Is a player in checkers required to take a jump if one is available? What about a double or triple jump if that is available?

4 Answers 4


In short -- for tournaments, yes.

I never played with forced jumps as a kid, but my father-in-law always plays with forced jumps. So I did a little digging around, and this is what I found:

The American Checker Federation seems to be the only sanctioned checkers organization I could find. According to the American Checker Federation, rule #1.20 says

1.20 All capturing moves are compulsory, whether offered actively or passively...

  • 4
    if you have more than one jump available, however, you are not required to take any in preference over another.
    – warren
    Commented Jan 10, 2011 at 3:31
  • 14
    I think you only found one organisation because the rest of the world calls the game something else ;-) Here's a list of others: fmjd.org/?p=all
    – tttppp
    Commented Jan 11, 2011 at 9:05
  • 4
    @tttppp - first football, then Clue, now this?? Seriously, though, thanks for pointing that out! Commented Jan 11, 2011 at 12:06

There are many variants of checkers/draughts, and for all of them (including the Checkers variant played predominantly in the English-speaking world), not only is jumping compulsory, it is also compulsory to keep jumping until all the jumps are completed. Quote from the American Checkers Federation's official rulebook:

1.19 If a jump creates an immediate further capturing opportunity, then the capturing move of the piece (man or king) is continued until all the jumps are completed. The only exception is that if a man reaches the king-row by means of a capturing move it then becomes a king but may not make any further jumps until their opponent has moved. At the end of the capturing sequence, all captured pieces are removed from the board.

1.20 All capturing moves are compulsory, whether offered actively or passively. If there are two or more ways to jump, a player may select any one that they wish, not necessarily that which gains the most pieces. Once started, a multiple jump must be carried through to completion. A man can only be jumped once during a multiple jumping sequence.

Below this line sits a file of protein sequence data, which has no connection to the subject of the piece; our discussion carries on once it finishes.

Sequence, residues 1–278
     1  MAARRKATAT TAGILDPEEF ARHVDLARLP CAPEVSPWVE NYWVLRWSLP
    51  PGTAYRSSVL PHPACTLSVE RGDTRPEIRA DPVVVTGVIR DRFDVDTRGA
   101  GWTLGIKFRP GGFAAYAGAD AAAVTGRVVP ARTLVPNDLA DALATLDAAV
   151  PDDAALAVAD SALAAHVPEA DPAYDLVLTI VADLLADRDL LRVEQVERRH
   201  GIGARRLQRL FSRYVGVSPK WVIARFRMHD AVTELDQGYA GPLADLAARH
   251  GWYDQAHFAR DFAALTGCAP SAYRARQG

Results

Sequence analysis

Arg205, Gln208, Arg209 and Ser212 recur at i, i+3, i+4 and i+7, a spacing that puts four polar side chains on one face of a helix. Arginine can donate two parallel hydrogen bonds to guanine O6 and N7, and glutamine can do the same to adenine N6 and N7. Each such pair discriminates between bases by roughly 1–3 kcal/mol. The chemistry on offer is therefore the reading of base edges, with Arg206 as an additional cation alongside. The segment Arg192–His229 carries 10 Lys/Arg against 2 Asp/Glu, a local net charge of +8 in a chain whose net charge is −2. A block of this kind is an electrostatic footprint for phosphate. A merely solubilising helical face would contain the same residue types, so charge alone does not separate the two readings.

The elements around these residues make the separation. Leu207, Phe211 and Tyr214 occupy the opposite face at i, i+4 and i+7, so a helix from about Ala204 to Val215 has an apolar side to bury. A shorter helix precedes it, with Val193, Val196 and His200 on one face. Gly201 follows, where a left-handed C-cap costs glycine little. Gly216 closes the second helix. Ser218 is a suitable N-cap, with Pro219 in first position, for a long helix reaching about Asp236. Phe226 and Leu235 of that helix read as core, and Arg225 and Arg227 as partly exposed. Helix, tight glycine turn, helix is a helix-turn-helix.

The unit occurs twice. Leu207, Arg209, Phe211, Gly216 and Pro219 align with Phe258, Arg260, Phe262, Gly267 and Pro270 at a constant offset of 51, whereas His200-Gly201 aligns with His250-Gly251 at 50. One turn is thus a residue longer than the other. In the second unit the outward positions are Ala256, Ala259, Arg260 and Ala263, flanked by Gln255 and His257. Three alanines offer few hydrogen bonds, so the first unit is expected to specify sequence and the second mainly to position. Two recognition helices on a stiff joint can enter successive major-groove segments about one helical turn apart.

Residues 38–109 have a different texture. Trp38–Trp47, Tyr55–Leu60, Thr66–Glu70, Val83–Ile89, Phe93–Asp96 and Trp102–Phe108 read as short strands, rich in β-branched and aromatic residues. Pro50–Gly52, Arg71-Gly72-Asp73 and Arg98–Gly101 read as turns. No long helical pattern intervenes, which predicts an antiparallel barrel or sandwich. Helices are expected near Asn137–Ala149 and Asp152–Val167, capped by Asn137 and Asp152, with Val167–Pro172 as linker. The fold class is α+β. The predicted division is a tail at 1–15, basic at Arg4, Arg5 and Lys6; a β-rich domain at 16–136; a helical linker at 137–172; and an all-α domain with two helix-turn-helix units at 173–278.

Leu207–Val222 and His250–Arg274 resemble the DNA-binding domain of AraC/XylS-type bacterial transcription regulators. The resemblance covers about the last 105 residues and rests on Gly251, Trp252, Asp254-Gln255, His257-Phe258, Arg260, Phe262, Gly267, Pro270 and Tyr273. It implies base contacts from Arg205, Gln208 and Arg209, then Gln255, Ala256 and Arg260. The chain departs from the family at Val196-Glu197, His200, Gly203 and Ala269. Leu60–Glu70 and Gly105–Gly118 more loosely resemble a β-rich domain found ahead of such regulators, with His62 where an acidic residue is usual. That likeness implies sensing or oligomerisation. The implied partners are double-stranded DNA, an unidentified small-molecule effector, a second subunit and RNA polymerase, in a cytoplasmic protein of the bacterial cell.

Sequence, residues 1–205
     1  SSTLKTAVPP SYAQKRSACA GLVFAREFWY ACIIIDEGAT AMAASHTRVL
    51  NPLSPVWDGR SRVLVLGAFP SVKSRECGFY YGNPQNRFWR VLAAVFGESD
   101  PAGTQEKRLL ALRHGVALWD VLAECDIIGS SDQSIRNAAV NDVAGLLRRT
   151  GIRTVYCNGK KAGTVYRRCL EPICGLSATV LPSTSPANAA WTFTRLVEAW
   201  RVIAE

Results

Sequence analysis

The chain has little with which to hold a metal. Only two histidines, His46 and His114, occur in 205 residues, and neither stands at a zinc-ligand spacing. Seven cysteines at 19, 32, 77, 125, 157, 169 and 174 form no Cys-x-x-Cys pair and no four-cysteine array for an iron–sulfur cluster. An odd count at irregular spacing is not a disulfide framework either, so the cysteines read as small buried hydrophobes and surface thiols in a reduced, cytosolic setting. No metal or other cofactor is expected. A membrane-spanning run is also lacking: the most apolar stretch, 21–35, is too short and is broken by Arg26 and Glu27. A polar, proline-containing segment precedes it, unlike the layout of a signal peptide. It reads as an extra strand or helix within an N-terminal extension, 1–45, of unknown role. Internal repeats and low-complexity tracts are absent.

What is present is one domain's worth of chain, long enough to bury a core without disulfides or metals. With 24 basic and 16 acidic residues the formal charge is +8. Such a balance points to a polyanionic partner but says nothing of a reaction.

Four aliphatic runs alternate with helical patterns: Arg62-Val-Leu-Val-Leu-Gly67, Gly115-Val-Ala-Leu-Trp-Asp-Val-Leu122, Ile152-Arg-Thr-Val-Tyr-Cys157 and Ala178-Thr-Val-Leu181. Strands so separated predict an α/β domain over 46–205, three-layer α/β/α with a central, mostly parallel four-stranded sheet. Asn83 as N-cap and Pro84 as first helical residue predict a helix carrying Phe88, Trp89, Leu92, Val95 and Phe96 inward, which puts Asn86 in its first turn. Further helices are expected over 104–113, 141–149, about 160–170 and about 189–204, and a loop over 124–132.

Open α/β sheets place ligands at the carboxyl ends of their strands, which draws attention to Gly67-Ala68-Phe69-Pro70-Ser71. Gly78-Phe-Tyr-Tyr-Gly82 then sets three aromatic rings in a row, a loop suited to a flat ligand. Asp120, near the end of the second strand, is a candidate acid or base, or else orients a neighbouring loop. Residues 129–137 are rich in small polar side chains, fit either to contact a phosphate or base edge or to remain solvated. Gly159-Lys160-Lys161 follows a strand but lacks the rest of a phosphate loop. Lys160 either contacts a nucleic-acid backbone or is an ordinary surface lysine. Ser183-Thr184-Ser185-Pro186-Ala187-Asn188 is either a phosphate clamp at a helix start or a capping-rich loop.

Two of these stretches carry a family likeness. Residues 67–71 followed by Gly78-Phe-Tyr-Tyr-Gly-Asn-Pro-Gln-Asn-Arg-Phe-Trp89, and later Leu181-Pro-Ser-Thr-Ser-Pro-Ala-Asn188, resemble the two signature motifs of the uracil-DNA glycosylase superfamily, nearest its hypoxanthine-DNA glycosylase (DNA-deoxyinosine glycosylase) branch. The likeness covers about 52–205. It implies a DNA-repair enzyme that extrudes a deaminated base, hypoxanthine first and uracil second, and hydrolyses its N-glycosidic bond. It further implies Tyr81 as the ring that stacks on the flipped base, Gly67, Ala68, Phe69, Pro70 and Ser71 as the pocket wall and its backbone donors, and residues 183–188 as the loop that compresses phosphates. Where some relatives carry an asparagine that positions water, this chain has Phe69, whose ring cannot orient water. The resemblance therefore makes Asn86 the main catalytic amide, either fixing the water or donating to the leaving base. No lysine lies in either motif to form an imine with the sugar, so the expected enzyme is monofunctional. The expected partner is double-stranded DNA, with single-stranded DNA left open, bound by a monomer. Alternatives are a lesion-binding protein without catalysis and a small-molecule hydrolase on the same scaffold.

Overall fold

However, the rules for selecting among multiple ways to jump differs from variant to variant. E.g. for International draughts, the sequence with the most jumped pieces has to be selected, and for Italian draughts there are even further tie-breaker rules depending on the number of kings that are being captured.


There are many different Checkers variants, but I believe most of them use a forced capture rule.

  • 1
    In fact, every checkers variant uses not only the forced capture rule, but also the forced capture continuation rule. Where these variants can differ is the capture precedence rule. In Checkers as played predominantly in the English-speaking world, a player can play any capture sequence as long as it finishes that sequence. In other variants, capture precedence is given to the longest capture sequence. Commented Jan 26, 2014 at 12:49

I've always had the same rules that this article does (Rule 9), if you can jump, you have to jump at least once, but you don't have to jump any more than that.

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    I think you're mis-reading rule 9. If after the jump you choose there's still another jump available, you do have to take that additional jump - but you don't have to choose the multi-jump move in the first place in preference to some move that only offers a single jump. Commented Mar 27, 2013 at 18:28
  • I down-voted this answer as bad, reasons why are explained by the comment above.
    – Xonatron
    Commented Oct 10, 2014 at 15:14

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